Comparative Negligence in Illinois Truck Accidents

Tuesday, October 24, 2023

Comparative Negligence in Illinois Truck Accidents

Written by Malman Law, reviewed by Steve J. Malman.

Negligence in trucking accidents can be difficult to determine, which is why many involved in such incidents enlist the legal help of Illinois truck accident attorneys at law firms like Malman Law.

Should you believe that the negligent actions of a truck driver or company caused you harm, you might want to consider seeking counsel with an attorney and learning more about comparative negligence.

In this blog, we’ve discussed what you need to know about this term since Illinois utilizes comparative negligence to assess fault during truck accident cases.

What Is Comparative Negligence? – The Three Types

Since Illinois is a comparative negligence state, you’re likely curious about what this means and what exactly this legal term stands for. Simply put, comparative negligence is a law that states individuals can be awarded damages for a trucking accident even if they are found partially responsible for it.

When someone is found to be comparatively negligent, lawyers determine how much at fault each individual is and base damages awarded on this finding. For example, if you sue someone for $40,000, but it’s determined that you’re 10% at fault for the accident, you will only receive $36,000.

Yet, you should also note that there are three different types of comparative negligence. Let’s dive into these below, including the type that Illinois uses:

Pure Comparative Negligence

This is exactly what it sounds like. In states where pure comparative negligence is enforced, an individual will have a reduced settlement amount according to their level of negligence.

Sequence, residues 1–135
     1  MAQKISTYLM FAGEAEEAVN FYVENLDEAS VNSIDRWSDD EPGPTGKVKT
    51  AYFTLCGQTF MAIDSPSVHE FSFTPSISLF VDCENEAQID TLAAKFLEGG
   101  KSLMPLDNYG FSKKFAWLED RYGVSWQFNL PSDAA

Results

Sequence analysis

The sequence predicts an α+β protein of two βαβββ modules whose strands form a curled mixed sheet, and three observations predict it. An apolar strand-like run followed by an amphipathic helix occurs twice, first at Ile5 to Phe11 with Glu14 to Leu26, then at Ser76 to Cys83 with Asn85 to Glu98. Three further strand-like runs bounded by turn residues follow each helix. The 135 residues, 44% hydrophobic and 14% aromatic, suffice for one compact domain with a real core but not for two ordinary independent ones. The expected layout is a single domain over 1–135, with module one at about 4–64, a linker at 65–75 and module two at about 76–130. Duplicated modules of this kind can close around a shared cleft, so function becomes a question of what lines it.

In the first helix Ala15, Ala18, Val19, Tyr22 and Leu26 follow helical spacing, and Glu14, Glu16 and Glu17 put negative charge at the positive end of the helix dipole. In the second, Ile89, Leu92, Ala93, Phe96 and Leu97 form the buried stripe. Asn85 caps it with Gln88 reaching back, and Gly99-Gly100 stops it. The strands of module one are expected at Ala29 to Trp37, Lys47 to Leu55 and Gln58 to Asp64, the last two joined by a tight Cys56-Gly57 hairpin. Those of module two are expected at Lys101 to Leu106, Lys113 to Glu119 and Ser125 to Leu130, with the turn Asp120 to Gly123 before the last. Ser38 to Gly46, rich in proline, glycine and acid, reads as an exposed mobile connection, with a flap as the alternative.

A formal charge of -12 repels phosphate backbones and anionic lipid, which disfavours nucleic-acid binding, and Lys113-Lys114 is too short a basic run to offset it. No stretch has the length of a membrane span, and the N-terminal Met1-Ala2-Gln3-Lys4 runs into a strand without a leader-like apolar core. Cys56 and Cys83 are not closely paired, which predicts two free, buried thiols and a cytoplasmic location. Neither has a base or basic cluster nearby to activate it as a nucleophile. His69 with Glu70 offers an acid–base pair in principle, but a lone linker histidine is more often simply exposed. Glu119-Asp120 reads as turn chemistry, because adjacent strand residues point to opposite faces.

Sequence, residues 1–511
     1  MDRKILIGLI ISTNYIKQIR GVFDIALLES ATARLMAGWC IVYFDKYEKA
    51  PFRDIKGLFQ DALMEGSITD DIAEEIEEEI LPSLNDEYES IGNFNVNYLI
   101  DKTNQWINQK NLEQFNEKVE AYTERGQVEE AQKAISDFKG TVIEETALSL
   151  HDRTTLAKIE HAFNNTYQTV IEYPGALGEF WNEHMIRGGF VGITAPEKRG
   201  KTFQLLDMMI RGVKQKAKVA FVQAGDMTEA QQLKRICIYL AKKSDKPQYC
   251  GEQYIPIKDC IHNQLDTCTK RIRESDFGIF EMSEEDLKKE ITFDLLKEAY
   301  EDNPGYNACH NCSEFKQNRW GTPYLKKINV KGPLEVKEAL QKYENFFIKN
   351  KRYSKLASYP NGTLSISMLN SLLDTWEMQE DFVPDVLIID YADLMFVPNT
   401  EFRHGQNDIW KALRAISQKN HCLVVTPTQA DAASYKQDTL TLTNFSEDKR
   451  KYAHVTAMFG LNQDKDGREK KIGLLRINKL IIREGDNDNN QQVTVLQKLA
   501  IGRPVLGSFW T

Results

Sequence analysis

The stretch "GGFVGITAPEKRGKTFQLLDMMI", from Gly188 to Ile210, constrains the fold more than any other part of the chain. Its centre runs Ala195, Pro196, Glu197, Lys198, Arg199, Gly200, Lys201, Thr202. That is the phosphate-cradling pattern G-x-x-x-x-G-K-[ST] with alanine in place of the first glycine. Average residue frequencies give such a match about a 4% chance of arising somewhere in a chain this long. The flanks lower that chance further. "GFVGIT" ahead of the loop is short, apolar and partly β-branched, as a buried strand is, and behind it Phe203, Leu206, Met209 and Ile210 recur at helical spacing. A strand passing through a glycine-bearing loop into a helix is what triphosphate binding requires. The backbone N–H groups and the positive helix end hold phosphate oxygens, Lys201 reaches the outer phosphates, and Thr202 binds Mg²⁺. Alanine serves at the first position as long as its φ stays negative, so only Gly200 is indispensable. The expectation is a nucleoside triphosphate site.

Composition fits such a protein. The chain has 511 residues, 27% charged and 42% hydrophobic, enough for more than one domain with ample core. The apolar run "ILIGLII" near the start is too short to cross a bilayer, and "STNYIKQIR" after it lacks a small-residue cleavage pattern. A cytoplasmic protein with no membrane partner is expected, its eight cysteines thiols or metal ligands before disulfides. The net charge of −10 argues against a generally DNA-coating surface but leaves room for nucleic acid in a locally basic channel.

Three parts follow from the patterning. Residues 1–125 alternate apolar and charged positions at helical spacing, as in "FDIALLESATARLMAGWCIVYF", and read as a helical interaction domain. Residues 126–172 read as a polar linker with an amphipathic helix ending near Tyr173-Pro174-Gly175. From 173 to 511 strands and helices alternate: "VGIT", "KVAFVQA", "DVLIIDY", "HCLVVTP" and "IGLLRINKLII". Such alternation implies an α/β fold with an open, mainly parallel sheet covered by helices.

Like the example above, this means that if you are found to be 90 percent responsible for an accident, you will only receive 10 percent of the damages if you win the case. This is why it’s crucial to have a lawyer’s assistance in states with pure comparative negligence, as you could do more harm than good.

Modified Comparative Negligence (50% Bar)

States like Idaho, Georgia, Arkansas, and Colorado use the modified comparative negligence rule. Individuals must be extremely careful about filing lawsuits against guilty parties in these states.

This is because, according to modified comparative negligence, an injured party will lose their lawsuit if found to be more than 50 percent negligent for a trucking accident.

With modified comparative negligence, individuals will receive nothing if they are more than 50 percent responsible for a crash. However, they can still collect damages if they are 49 percent or less responsible.

Modified Comparative Negligence (51% Bar)

According to the Illinois Department of Insurance, this state has adopted modified comparative negligence as the standard for recovery of damages during lawsuits.

This type of negligence defers to the 51 percent rule, which means that if an injured party is more than 51 percent responsible for an accident, the case is dismissed, and the person gets nothing.

Yet, simultaneously, if both parties in a trucking accident are found to be equally responsible (50-50), the injured individual can collect damages.

Contact A Lawyer Today To Discuss Your Illinois Lawsuits Negligence Claims

Since Illinois utilizes the modified comparative negligence law (51 percent) to determine damage awards in trucking accidents, it’s important to consider speaking with an Illinois truck accident attorney from Malman Law.

Our lawyers can help you understand this law while working alongside you to determine if you are at fault and by how much. You can contact us here, and we will arrange an obligation-free consultation. We’re on your side.

Steve Malman

Malman Law’s founder Attorney Steven Malman has over 30 years of experience handling personal injury, nursing home, medical malpractice, truck accidents, car accidents, premises liability, construction, and workers’ compensation cases in Chicago, IL.

Years of experience: +30 years
Justia Profile: Steve Malman
Illinois Registration Status: Active and authorized to practice law—Last Registered Year: 2024

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